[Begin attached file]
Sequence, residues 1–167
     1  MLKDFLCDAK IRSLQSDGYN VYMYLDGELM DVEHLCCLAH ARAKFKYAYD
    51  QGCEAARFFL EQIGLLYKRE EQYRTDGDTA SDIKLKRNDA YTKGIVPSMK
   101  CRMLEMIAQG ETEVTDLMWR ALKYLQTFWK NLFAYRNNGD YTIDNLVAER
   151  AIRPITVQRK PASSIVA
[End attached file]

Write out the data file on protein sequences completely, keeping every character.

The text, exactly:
Sequence, residues 1–167
     1  MLKDFLCDAK IRSLQSDGYN VYMYLDGELM DVEHLCCLAH ARAKFKYAYD
    51  QGCEAARFFL EQIGLLYKRE EQYRTDGDTA SDIKLKRNDA YTKGIVPSMK
   101  CRMLEMIAQG ETEVTDLMWR ALKYLQTFWK NLFAYRNNGD YTIDNLVAER
   151  AIRPITVQRK PASSIVA